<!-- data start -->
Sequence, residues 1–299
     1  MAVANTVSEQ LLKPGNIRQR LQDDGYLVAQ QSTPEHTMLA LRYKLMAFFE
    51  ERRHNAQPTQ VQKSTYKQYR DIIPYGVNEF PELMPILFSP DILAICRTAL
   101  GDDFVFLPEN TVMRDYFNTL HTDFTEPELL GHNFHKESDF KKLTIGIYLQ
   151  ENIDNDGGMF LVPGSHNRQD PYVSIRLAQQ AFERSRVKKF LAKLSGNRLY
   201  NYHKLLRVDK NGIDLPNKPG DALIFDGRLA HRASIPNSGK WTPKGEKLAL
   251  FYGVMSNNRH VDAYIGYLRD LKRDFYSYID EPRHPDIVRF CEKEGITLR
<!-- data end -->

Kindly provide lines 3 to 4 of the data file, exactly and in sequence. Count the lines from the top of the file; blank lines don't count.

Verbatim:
    51  ERRHNAQPTQ VQKSTYKQYR DIIPYGVNEF PELMPILFSP DILAICRTAL
   101  GDDFVFLPEN TVMRDYFNTL HTDFTEPELL GHNFHKESDF KKLTIGIYLQ